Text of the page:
-* (Exclude all at first)

Your example:

reads like: Include music1/music2, then exclude everything. I.e., do nothing.

And that’s the way it works!

This way you propose:

the first line would always be found first and the other lines would never be read.

I thought now I’d understand its way of thinking but I was proven wrong, because it does nothing. I thought this is the right way of thinking:

Duplicacy goes through all files and folders. I have to think from each individual file/folder perspective. Say “C:\folder1\Iamafile.txt”. Now it looks into filter line 1. Say “+blah”. It does not match. Next filter line. “-*”. Match. File is excluded, no further processing. Next file.

Wrong way of thinking?

So now my situation is this:

M:\ M:\Folder1\ M:\Folder2\ M:\FolderFoo\

I want to include anything. The only thing I want to exclude is M:\FolderFoo. I added via the web-ui:

-FolderFoo/ +*

Does nothing. I am disappointed. My whole thinking was wrong. Also I am too stupid to add line breaks here in code tags.

I hope my thinking was right. After failed attempts, I always deleted Repositories via web ui, also deleted Storages, and there was a mess of filter files and other files left in .duplicacy-web\repositories\localhost…
That may have been my cause of struggling.

I’ve cleaned that up, restarted httpd, now it is working with my expected filters. Will see at restore time, if it included the folders I want.

In restore - Are backups only listed after totally finished? It says “No previous backups for this backup ID”.

See Scripts and utilities index.

I find myself making more use of NTFS links (Symlinks) in order to include stuff that is not on the same file system level. I’m OK with this. Average user could not do this. A more flexible, organisation based include system would be nice.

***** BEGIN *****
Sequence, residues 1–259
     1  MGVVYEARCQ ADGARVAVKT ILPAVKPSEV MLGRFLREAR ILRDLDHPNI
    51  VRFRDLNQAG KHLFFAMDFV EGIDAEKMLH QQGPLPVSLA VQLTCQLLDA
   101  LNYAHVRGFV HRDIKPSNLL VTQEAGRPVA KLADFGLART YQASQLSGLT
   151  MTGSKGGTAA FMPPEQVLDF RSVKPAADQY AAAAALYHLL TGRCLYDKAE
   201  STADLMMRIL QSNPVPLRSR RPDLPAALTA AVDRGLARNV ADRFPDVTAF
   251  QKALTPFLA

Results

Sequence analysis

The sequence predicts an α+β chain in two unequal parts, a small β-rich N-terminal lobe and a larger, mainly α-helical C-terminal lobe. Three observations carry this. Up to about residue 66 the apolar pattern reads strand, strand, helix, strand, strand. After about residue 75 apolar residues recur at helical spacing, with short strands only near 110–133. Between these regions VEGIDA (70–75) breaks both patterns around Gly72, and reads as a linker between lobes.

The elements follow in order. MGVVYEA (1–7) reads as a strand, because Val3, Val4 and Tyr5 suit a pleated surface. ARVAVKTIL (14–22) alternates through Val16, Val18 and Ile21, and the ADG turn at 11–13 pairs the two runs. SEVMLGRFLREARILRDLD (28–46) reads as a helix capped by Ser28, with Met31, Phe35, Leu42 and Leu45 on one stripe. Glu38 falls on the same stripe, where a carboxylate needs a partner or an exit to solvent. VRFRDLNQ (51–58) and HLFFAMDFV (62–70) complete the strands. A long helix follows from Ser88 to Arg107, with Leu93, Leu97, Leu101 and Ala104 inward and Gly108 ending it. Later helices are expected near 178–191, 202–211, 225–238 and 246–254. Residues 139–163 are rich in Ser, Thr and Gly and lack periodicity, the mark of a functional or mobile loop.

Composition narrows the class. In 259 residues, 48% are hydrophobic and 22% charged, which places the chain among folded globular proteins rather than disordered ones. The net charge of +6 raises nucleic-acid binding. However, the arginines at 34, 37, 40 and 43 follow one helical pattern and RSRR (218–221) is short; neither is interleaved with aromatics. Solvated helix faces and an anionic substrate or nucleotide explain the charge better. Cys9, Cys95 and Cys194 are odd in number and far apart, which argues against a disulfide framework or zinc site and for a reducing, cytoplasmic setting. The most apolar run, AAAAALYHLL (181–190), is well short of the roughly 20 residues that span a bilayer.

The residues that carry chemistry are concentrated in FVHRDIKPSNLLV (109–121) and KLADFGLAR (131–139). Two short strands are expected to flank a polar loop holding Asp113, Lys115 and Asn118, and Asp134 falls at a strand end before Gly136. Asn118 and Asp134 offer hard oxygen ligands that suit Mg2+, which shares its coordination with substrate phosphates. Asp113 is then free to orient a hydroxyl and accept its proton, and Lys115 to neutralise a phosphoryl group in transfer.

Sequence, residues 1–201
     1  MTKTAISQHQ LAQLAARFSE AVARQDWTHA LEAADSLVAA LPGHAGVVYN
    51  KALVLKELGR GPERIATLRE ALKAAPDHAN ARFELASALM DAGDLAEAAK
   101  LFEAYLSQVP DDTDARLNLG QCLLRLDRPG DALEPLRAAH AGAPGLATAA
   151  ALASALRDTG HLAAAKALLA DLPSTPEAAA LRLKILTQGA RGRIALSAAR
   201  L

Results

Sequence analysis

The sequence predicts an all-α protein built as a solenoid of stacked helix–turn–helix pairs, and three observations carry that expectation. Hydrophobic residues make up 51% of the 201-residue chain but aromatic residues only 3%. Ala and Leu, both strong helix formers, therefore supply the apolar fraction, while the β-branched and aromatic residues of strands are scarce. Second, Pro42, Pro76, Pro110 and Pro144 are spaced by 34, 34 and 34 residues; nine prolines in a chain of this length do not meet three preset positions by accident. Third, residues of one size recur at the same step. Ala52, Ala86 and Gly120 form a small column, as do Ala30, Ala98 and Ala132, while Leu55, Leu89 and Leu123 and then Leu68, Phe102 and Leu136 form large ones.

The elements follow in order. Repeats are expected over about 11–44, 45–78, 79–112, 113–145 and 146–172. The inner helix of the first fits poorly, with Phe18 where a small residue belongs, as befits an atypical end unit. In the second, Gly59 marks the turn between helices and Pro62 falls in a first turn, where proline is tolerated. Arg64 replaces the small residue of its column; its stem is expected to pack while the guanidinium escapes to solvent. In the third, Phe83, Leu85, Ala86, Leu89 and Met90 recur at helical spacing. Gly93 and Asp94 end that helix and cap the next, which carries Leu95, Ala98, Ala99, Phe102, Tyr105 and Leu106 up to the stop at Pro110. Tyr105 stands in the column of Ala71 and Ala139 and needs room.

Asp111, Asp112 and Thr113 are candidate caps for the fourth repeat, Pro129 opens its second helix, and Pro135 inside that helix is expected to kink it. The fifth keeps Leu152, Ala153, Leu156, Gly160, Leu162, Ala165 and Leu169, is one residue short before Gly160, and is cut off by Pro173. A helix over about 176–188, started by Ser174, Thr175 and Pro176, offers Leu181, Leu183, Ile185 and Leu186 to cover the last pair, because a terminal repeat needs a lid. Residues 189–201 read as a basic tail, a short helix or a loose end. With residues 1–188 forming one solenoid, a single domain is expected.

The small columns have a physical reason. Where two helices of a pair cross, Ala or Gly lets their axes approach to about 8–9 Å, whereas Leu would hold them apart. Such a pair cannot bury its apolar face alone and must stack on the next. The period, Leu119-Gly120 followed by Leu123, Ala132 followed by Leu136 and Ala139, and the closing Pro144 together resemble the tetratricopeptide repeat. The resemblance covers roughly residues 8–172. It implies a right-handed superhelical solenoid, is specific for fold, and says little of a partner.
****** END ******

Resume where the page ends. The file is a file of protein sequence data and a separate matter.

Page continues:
I think I was similarly confused. Did you see this topic:

It’s because @Tortuosit was reading like this:

While the correct logic / reading is:

I (Duplicacy :grinning:) am backing up a file whose path matches music1/*. OK! Stop reading the filtering pattern and back up.
I’m backing up a file whose path matches music2/*. OK! Stop reading the filtering pattern and back up.
I’m backing up a file whose path does not match either music1/* or music2/*. Ah! But there is a third filter that says “all” (*), and it says to exclude, so I won’t do anything. Next file!

And there is an important detail that I took a while to understand when I started using :d:, but it is essential to consider when you are creating your filtering logic:

This is a good example:


Sorry, I hadn’t noticed this doubt before.

Use four spaces

or fenced code blocks

1 Like

Thanks for clarification. Yes, I meanwhile understood I need to think from the individual file perspective exactly as you wrote. Filtering order makes sense then. But I think it is unuasual. But easy as well.

I came from a result list based thinking. Like:

  • At first exclude/blacklist all -> So we have an empty list as a start
  • Then do whitelisting, i.e., add all matching files to the list
  • Then we have the finished list: Start backing up what is in that list

Will read it, thx. Meanwhile I have understood the way filters work here.

Ok, just remember that you will have to place the include/whitelisting patterns before the “exclude/blacklist all” pattern you created in the previous step you mentioned.